The award-winning, Oscar short-listed film tracks this young, fiercely intelligent couple’s love story as the pair grapple with Jennifer’s chronic illness diagnosis and their attempts to both find answers to how she can regain her health, whilst also changing the culture surrounding this most stigmatised of diseases.  Follow Jennifer and Omar’s journey in this documentary about their lives together and those of many other severely affected ME/CFS patients who Jennifer connects with online from her bed.

This screening has been organised in conjunction with the Sheringham ME/CFS Support Group, who are the only ME/CFS Support Group based specifically in North Norfolk (although other groups do cover the whole county).  The condition is thought to affect as many as 6,000 patients in Norfolk alone and as many as 250,000 patients across the UK.  The screening will be attended by North Norfolk MP Norman Lamb, who will give a brief talk to the audience after the film.

It starts at 6.15pm.  Call the box office on 01263 822347.

Panto puts smile on face of theatre as well as audiences

Sellout panto shows at Sheringham have provided a bonus to the coffers of the town’s Little Theatre.

Nearly 8,000 people saw 43 shows of the Wizard of Oz over the festive period. Many performances were sold out and there was a waiting list for ticket cancellations.

Theatre director Debbie Thompson said: “The panto has been a tremendous success. Takings were above budget – which is a huge help as panto and summer drama are the most commercially important seasons we have and support our other activities during the year.

“Audience feedback was that it was the best panto yet – with a brilliant script, lots of energy and magical elements such as the projection work, sets and puppets. We are sorry if people could not get tickets, but would encourage them to book early for the next panto,” she added.

The 2018 panto will be Beauty and the Beast running from December 7 to January 1 and using the same creative team as this year, headed by director Nick Earnshaw. Tickets will go on sale in March.

Now the Emerald City has disappeared from the stage, events at the venue in early 2018 range from amateur drama, an opera screening, and jazz, to magic, a romantic Valentine’s cinema supper club and a fun family show.

In March (1-3) there is also a three-day festival weekend of Ealing Comedy films (Lavender Hill Mob, Kind Hearts and Coronets, Passport to Pimlico, Man in the White Suit and Whisky Galore).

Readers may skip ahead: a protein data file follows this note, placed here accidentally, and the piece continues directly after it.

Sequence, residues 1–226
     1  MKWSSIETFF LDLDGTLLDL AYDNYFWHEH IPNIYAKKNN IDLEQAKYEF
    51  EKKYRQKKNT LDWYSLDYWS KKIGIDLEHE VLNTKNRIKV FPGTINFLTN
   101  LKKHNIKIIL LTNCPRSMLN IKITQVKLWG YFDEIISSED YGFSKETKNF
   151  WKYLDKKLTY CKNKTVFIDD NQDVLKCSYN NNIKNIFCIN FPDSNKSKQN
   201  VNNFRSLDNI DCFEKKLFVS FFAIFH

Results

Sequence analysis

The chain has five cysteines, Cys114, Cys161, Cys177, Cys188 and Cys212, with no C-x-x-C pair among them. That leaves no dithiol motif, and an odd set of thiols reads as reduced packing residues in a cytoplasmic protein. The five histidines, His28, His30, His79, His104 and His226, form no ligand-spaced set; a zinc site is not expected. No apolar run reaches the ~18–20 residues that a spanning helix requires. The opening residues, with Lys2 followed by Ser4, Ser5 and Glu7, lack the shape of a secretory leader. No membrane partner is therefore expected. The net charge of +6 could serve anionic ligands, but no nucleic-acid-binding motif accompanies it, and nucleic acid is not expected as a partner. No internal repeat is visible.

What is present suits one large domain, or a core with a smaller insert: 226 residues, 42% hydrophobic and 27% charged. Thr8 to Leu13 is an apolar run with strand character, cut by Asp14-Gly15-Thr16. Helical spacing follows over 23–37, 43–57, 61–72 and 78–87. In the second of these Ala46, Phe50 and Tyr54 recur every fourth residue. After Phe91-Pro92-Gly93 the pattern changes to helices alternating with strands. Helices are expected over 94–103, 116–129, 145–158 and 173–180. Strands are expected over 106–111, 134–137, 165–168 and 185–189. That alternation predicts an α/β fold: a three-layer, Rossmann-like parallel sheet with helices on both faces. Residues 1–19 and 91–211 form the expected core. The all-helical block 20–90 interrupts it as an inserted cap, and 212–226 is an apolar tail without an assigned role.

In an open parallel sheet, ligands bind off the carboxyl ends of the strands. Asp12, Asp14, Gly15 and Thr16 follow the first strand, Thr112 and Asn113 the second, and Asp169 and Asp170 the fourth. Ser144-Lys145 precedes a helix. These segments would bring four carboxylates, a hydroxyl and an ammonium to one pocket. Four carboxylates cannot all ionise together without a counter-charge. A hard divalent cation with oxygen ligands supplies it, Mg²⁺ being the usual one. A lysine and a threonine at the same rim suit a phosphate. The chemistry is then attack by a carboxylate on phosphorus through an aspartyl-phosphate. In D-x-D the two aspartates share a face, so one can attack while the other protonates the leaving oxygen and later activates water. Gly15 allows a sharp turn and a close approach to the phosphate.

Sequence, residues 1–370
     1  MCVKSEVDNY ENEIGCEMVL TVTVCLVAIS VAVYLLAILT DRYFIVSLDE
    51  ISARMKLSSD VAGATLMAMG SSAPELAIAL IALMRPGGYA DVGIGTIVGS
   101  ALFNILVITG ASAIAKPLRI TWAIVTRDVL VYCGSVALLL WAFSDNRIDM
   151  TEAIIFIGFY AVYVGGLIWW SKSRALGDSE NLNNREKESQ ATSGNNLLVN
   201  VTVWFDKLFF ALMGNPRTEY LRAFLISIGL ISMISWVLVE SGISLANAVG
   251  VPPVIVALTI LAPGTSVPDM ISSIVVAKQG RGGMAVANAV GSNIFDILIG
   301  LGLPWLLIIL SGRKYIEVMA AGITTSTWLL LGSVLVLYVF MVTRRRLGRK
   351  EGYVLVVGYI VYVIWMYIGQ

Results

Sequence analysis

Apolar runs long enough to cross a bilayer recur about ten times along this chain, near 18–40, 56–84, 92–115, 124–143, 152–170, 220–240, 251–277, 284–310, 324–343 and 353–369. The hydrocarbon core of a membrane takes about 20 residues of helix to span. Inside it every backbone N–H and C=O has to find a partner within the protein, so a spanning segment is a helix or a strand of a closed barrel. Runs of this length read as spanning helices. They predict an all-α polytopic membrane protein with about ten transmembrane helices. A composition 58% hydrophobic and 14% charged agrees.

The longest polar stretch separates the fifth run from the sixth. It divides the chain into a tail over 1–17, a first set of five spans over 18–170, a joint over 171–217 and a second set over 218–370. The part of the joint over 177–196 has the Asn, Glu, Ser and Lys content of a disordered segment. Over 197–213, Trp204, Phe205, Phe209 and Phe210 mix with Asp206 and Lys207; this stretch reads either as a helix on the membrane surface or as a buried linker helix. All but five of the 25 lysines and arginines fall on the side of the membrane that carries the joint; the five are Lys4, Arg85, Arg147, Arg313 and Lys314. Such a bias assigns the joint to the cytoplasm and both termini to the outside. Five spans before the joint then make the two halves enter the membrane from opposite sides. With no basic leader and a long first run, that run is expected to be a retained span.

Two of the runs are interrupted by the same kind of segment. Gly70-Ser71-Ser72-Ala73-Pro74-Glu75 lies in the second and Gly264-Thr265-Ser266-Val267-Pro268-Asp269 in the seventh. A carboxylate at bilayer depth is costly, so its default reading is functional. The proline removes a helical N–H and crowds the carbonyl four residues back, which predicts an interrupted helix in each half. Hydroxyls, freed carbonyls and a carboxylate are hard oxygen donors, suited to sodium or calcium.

Other highlights include:

January 19-20 – Alan Ayckbourn’s Confusions by Stage Direct

January 21 – Rigoletto screening from the Royal Opera House

January 28 – Jazz from the Red Shadow Quartet

February 6 – Morgan and West Time Travelling Magicians.

February 10 – Bowjangles music inspired by Myths and Legends

February 14 – Love Story movie (Ryan O’Neil and Ali McGraw) with optional pre-booked supper

February 15 – Rhymes for Revolting Children, cheeky songs poems and comedy for the family

February 21-24 – Noel Coward’s Blithe Spirit by CSODS

For more information and tickets visit www.sheringhamlittletheatre.com or call the box office on 01263 822347.

Fun from the successful Wizard of Oz panto at Sheringham Little Theatre.
Picture: Matt Coomber

REVIEW: Wizard of Oz, Sheringham Little Theatre

It’s panto time at Sheringham Little Theatre and its a real cracker of a show oh yes it is!

The season opened with a matinee on Saturday, December 9. The audience in the packed theatre was whisked away by a tornado from Kansas to the Emerald City in the land of Oz and back again.

The opening sequence where Dorothy (Hana Stewart) and Toto her little dog are whisked away from the farm on the oncoming gathering tornado made a  spectacular scene.

It’s a fast-moving show with plenty of great audience participation throughout and the story was easy to follow for all the children in the audience.

Loraine Metcalfe was a deliciously wicked witch of the west and was boo’d every time she made an appearance. There was also Glinda the witch of the north (Shane Armstrong), who was good and kind to Dorothy. Three great favourites with the audience are the Scarecrow, Lion, and at the Tin Man. Scarecrow was funny and loveable, played with great talent by Harry Williams, his companions along the Yellow Brick Road, the romantic Tin Man (Kyle Fraser) and courageous Lion with a very long tail (Rik Warren), all had the audience enthralled as they went on their journey to find what they were all seeking.

It’s a truly fantastic show and has a lovely leading lady with a beautiful singing voice, great music and young dancers. It all goes to make the best start to the Christmas season. OH YES IT DOES.

“It’s magic,” said Finley, aged 10 years . “Really great,” added said Dylan aged seven. The best ever, say us and well done SLT,  you have done it again. Wonderful.

Kevin and Sandra Stone plus Finley and Dylan

REVIEW: Farndale at Sheringham

The first night of the Cromer and Sheringham Operatic and Dramatic Society (CSODS) production of We Found Love and an Exquisite Set of Porcelain Figurines Aboard the SS Farndale avenue showed off the company’s great talent.

To deliberately act badly requires a great skill which the members of CSODS managed to pull off well, although there was now and again times where the acting seemed to lose direction.

The play, by David McGillivray and Walter Zerlin Jn, is one of a series of comedy-farce plays featuring the exploits of a group of members of an amateur dramatic society and their ventures into the world of the thirties musical comedy.

The three ladies of the Farnsdale Townswomens Guild Dramatic Society, played by CSODS members Chrissie Robertson, Nona Gray, Kerry Davis and also including the very funny Nick Bird, attempt to bring the elegance, glamour and enchantment of a thirties musical to the stage.

This is a riot of a performance – collapsing scenery, a man cast as a woman, a woman cast as a man, romantic interludes between unlikely couples, a sea captain with a full beard wearing a skirt and heels, a very questionable underwater sequence and shipwreck on a tropical island. The ladies of the Farndale Avenue Dramatic Society certainly carry on regardless and rise above the terrible acting and dubious scenery to bring the thirties back to the stage.

Once again a good performance by CSODS at Sheringham Little Theatre.

Kevin and Sandra Stone